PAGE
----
In what could be considered an easily anticipated turn of events,”pandemic drones” are now a thing. And the drones—dubbed “pandemic drones” by their maker—are being tested right now in Connecticut, where they’re monitoring everything from people’s temperature and heart rate to how often they cough. All from 190 feet in the air.
The pandemic drones, which come via Futurism, are being produced by Draganfly Inc., a Canadian drone manufacturer that claims to be responsible for producing the first-ever drone to save a life, as well the world’s first commercialized quadrotor UAV. The company, plus a couple of other partners, has teamed up with the Westport Police Department for this particular trial run, which aims to aid the Department’s new “Flatten the Curve Pilot Program.” Flattening the curve refers to taking the necessary measures to prevent infection rates from spiking at any given time.
According to Draganfly’s press release, their pandemic drones “will be equipped with a specialized sensor and computer vision systems that can display fever/temperature, heart and respiratory rates, as well as detect people sneezing and coughing in crowds, and wherever groups of people may work or congregate.” The release adds, “The technology can accurately detect infectious conditions from a distance of 190 feet as well as measure social distancing for proactive public safety practices.”
“One of the major problems managing and responding to a pandemic is determining how wide the disease has spread and protecting first responders,” Police Chief Koskinas says in a press release from the Department. He highlights drones as “a go-to technology for reaching remote areas with little to no manpower required.”
The Department’s press release also notes that the drones will be used to monitor people belonging to “at-risk groups” as well as for gatherings at places like beaches, shopping centers, parks, and train stations. It is noted, however, that the pandemic drones will not be used in people’s private yards, nor utilize facial recognition technology. Draganfly’s CEO, Cameron Chell, also points out in the video up top that the data collected are “anonymized”—meaning Draganfly does not collect “individualized data,” but only “population samples.”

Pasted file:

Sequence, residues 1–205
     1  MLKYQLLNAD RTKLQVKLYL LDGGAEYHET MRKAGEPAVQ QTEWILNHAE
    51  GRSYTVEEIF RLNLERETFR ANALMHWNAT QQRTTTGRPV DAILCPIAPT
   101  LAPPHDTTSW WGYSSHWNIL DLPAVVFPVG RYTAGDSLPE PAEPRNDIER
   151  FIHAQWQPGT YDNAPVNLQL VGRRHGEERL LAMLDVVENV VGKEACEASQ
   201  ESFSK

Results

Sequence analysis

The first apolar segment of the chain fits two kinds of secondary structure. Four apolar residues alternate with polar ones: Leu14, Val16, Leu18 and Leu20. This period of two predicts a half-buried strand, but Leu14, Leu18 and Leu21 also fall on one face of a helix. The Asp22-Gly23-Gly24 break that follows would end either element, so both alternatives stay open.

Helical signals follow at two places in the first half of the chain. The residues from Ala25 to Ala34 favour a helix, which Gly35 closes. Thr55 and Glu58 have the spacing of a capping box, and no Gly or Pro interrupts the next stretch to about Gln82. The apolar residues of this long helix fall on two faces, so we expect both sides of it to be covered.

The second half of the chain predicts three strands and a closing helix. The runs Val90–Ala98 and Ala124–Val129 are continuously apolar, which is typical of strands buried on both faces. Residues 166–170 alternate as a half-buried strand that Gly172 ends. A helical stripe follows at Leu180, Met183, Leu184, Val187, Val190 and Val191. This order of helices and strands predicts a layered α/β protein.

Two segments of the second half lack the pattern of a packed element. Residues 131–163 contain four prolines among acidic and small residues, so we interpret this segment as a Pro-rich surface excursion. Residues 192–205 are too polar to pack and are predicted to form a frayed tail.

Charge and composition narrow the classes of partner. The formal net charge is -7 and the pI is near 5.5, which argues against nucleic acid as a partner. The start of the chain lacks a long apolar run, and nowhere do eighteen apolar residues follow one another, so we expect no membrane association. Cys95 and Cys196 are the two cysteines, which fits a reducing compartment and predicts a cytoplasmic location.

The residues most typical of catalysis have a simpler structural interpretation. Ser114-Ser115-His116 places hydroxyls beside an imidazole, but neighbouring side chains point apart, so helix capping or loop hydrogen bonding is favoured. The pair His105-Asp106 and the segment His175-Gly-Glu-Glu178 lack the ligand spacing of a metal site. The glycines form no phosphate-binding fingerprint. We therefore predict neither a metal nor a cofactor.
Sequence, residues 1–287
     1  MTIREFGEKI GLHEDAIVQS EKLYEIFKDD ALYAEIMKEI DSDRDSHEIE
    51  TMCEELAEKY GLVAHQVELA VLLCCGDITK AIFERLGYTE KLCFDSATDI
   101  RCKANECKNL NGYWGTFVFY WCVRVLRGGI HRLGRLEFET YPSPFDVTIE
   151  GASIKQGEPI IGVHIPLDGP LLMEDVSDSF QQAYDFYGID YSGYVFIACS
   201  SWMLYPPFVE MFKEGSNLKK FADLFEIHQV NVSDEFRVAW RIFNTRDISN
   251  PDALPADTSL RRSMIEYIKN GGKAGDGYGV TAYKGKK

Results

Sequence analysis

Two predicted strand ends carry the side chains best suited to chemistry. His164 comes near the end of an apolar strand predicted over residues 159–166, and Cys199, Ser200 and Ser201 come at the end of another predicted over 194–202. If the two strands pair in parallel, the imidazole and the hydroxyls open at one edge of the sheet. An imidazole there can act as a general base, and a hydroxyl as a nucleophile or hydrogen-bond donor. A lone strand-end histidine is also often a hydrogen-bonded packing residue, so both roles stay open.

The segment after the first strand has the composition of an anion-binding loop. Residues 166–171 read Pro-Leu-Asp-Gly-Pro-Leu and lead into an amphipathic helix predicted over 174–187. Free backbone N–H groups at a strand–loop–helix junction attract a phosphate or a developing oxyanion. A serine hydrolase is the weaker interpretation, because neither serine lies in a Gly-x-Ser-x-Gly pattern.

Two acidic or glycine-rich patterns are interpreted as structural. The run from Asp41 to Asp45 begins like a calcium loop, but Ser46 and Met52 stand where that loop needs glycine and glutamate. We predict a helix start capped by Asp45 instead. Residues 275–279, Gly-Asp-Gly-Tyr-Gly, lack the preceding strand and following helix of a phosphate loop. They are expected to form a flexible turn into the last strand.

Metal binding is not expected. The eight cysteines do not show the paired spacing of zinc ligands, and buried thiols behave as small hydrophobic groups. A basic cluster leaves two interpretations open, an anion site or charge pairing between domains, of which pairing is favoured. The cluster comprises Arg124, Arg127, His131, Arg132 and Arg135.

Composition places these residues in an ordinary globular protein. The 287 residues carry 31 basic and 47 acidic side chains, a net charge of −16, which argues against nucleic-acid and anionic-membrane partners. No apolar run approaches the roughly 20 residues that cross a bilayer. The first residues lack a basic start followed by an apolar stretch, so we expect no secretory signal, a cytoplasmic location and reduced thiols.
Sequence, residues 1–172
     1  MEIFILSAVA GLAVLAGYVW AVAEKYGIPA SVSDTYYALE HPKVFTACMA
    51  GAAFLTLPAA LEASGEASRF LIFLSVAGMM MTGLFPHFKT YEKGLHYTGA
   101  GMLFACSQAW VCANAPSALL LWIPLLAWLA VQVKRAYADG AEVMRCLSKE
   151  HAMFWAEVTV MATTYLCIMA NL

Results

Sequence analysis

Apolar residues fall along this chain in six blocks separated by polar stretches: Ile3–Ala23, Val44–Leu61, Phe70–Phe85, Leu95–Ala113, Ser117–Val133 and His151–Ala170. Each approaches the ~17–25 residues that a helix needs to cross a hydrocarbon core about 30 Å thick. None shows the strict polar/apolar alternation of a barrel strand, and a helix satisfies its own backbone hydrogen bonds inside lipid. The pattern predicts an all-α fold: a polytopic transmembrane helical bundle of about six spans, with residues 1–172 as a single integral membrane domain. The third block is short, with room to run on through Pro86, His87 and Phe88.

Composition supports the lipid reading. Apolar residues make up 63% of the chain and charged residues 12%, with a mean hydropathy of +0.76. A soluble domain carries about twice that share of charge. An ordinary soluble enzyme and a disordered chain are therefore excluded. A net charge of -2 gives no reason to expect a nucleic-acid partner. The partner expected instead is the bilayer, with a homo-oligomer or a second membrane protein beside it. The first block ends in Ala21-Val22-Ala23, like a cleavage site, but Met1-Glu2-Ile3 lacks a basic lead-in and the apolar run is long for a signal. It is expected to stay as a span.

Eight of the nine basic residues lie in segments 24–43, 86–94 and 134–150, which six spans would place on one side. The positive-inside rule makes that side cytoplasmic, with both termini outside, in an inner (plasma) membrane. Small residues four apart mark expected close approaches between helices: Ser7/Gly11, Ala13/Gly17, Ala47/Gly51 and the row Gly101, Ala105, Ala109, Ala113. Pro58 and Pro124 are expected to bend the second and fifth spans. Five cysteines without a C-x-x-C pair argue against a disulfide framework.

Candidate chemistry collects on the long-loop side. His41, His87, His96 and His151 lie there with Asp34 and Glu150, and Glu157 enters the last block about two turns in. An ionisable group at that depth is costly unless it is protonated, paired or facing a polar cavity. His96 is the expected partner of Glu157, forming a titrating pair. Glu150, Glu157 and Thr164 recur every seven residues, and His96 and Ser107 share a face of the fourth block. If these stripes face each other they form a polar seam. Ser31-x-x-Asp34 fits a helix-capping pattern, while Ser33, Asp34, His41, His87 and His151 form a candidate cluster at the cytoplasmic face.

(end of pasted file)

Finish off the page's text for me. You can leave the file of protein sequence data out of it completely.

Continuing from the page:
“This coronavirus pandemic has opened up a new frontier for advanced drones,” Chell says in his company’s press release. He adds that the trial run stands as a way to implement “state-of-the-art technology [that analyzes] data in a way that has been peer reviewed and clinically researched to save lives.”
Drones are also being deployed elsewhere in the U.S. to aid in the enforcement of social distancing measures put into place by authorities. Below, for example, talking drones are used in Savanah, Georgia, to remind members of the public that they should “keep a safe distance of six feet from others.”
What do you think about the use of these pandemic drones? Do you think they aid in keeping the public healthy, or are there some serious issues here? Let us know your thoughts in the comments!
Feature image: Draganfly Inc.